SUBJECTS: AFP arrests and child care fraud, Australian wine traded into China, Hotel quarantine and Victoria, WA state border
Dan Tehan: Thanks everyone for joining us today. As you will have heard, the AFP has launched a major investigation into family day care fraud. There is an alleged criminal network that has been seeking to defraud the Commonwealth Government. Can I say to the AFP, to Services Australia and the Federal Department of Education, congratulations on the work that you’ve done against this alleged criminal network. The Government is absolutely determined to make sure that it continues to crack down on any fraud that is occurring against the Australian taxpayer. We have now seen savings of $3.1 billion made as a result of activity against fraud of the child care system. We will continue to crack down on anyone who seeks to defraud the taxpayer. We’ve put an additional 380 integrity officials in place since 2018, and we will continue to do everything we can to protect the Australian taxpayer against fraud against the child care system. I’m happy to take any questions.
Journalist: Minister, Kristy Mayr from Channel 7 in Melbourne. Was this mainly about the money, this particular taskforce? Or were there ever any concerns about actual child welfare as part of this?
Tehan: Well, this has been, this investigation was against fraud. But, as you would know, for people who are pretending to run legitimate family day care businesses, and at the same time seeking to defraud the Commonwealth, then there would be concerns around the early childhood educators that are being used and the type of care that children are getting. So, obviously, the number one target was the defrauding of the Commonwealth, but there will always be concerns around what type of education and care is being provided to children while these alleged criminal networks are seeking to defraud the Commonwealth.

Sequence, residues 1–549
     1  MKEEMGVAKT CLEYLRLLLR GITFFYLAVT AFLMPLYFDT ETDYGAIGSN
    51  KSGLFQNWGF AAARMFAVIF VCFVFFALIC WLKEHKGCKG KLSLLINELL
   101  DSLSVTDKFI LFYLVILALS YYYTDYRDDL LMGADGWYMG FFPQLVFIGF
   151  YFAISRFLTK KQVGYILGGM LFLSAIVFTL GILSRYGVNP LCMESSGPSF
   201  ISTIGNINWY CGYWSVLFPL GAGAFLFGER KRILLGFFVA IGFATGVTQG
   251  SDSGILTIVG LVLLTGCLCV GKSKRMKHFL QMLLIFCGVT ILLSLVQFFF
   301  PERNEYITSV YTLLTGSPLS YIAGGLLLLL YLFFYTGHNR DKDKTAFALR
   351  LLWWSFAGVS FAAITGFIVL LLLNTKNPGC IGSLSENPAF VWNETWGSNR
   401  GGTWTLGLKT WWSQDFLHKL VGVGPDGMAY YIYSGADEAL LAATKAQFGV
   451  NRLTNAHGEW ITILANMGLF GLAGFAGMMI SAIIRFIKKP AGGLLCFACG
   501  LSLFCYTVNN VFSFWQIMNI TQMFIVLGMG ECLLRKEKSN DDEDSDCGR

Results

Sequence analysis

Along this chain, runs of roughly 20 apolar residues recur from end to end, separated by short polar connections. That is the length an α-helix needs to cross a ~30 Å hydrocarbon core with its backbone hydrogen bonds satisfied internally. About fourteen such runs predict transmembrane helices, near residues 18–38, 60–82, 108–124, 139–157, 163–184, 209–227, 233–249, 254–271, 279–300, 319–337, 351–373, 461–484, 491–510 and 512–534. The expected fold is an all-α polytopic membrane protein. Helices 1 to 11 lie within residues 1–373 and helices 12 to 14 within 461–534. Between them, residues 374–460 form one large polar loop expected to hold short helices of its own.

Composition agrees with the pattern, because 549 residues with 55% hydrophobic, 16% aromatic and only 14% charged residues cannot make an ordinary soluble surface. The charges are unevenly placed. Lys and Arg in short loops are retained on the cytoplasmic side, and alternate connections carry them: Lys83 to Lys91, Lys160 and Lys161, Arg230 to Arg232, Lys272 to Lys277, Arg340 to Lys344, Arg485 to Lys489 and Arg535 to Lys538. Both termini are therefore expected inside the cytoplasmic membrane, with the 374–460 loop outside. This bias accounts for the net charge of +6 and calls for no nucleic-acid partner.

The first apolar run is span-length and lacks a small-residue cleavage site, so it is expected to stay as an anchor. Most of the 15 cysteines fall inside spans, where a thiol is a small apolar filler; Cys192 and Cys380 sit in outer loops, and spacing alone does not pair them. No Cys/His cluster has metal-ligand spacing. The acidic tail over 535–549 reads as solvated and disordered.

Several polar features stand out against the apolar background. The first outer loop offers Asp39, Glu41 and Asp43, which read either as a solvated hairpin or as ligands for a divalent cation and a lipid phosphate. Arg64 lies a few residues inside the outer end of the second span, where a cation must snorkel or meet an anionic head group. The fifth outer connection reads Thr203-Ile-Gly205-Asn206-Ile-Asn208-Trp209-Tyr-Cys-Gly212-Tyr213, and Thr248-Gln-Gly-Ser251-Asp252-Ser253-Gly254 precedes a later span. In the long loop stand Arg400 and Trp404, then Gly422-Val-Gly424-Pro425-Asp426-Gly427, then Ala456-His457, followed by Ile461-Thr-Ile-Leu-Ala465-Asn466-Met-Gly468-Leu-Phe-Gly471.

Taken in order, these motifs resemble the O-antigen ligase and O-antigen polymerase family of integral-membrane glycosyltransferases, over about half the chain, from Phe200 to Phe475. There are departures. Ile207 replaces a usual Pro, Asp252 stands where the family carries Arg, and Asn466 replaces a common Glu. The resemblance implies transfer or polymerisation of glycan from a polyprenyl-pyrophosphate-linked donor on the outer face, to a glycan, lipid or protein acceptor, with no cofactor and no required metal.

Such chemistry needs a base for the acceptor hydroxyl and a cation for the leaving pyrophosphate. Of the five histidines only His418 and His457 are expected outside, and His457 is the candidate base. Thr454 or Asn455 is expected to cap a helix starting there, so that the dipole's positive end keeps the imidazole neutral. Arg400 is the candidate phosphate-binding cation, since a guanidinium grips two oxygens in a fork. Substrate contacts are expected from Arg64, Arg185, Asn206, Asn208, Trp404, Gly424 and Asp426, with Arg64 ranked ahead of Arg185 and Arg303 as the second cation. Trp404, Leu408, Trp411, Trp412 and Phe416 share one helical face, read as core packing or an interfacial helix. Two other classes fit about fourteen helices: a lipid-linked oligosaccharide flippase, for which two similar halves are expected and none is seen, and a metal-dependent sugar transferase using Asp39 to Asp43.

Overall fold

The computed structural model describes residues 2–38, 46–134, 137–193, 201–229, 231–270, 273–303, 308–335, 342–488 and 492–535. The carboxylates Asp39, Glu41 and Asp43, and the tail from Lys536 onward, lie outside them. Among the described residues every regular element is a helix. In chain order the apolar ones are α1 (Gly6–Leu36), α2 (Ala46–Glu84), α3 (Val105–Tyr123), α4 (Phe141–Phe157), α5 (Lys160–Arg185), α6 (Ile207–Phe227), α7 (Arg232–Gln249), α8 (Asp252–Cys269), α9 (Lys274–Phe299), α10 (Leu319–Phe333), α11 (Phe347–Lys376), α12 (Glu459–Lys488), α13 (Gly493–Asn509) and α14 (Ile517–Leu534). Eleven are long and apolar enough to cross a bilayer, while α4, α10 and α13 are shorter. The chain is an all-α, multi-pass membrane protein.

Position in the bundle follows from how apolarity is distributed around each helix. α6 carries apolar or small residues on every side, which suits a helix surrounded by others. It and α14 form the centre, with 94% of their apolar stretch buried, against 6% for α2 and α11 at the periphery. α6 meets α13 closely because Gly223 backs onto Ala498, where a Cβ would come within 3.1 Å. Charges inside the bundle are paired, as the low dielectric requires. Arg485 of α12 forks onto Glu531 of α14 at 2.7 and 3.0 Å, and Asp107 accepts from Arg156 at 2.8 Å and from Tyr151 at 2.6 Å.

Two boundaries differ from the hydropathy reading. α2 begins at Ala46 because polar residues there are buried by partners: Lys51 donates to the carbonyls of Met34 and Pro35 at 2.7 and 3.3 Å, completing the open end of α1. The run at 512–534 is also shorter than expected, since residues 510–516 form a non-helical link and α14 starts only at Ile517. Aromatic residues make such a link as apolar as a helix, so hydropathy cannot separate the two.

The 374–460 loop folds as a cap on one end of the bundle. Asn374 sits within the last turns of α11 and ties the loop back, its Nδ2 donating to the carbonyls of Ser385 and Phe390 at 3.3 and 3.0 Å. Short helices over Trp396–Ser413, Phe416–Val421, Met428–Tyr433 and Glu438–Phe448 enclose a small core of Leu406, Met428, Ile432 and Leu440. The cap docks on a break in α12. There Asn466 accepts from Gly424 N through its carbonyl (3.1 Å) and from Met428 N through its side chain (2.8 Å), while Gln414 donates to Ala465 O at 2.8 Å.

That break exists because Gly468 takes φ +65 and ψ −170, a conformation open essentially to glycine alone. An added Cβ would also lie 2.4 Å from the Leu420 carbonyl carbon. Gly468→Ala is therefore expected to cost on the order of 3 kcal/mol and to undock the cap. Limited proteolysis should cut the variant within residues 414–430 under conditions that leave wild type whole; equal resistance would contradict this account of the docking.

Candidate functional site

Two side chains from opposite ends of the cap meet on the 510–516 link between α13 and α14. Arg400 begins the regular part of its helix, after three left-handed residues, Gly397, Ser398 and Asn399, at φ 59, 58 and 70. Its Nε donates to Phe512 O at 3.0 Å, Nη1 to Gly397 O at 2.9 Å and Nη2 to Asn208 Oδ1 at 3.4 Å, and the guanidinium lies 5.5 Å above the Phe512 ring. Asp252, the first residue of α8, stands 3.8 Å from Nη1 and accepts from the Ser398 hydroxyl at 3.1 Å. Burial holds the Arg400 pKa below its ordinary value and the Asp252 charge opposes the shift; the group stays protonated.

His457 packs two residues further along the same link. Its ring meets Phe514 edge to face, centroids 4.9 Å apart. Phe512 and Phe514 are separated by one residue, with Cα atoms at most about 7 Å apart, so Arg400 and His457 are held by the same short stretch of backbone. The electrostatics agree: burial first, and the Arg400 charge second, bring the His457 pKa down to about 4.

Journalist: So, you mentioned this crack down will continue. How widespread is this? Are there concerns that this is more widespread than, you know, what we know about now?
Tehan: Well, we’ve already seen $3.1 billion saved as a result of the crack down, and we will continue to explore and investigate anything that we see is suspicious with these criminal networks seeking to exploit the Australian taxpayer. Sadly, there will always be people who want to exploit the Australian taxpayer. So, we will seek to always be investigating and making sure that we’ve got the resources to ensure this isn’t occurring.
Journalist: Minister, Jade Macmillan from ABC. Could you provide any more information about how they allegedly defrauded the COVID-19 stimulus payments?
Tehan: Look, that’s obviously part of the investigation. There are allegations which have been made, there’s arrests that’s been made, and all that will be detailed as part of the criminal prosecution. So, I don’t want to go into any of that detail. But, needless to say, there has been extensive work been done, cooperation between the AFP, Services Australia and the Department of Education – both the Commonwealth Department of Education but also with assistance from the Department of Education in Victoria – and, all the charges, obviously, will be laid out as part of the criminal prosecution.
Alright, have we got any further questions?
Journalist: Could I just ask on another issue. Has the Government failed to diversify export markets for Australian wine, and argued by the Labor Party?